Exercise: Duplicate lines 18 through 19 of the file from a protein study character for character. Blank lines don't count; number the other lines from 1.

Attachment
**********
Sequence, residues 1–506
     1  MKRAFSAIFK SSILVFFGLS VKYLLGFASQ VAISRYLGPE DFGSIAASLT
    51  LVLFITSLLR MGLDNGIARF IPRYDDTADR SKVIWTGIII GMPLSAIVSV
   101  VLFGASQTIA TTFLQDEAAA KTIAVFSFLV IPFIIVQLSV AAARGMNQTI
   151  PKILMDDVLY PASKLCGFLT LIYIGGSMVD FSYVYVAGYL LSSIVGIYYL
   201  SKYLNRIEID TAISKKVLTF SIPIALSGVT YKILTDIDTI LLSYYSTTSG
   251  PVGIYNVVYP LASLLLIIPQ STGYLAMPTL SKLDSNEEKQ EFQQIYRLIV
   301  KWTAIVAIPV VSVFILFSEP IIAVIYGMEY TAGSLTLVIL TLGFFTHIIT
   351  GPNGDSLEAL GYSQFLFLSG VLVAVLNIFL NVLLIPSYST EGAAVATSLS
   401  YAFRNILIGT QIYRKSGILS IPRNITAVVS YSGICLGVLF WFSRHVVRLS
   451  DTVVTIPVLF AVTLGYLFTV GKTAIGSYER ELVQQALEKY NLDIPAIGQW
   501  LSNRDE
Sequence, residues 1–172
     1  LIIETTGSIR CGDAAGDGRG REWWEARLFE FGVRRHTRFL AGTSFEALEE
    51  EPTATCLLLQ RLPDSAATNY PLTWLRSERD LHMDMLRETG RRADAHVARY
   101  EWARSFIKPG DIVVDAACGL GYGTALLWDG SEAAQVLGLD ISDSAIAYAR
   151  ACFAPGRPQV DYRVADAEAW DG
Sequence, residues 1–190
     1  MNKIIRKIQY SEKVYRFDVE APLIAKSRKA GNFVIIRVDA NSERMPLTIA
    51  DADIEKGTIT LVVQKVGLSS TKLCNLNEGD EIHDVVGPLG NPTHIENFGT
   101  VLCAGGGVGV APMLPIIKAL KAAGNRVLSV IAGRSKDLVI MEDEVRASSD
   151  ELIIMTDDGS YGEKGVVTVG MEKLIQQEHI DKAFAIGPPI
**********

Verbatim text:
Sequence, residues 1–190
     1  MNKIIRKIQY SEKVYRFDVE APLIAKSRKA GNFVIIRVDA NSERMPLTIA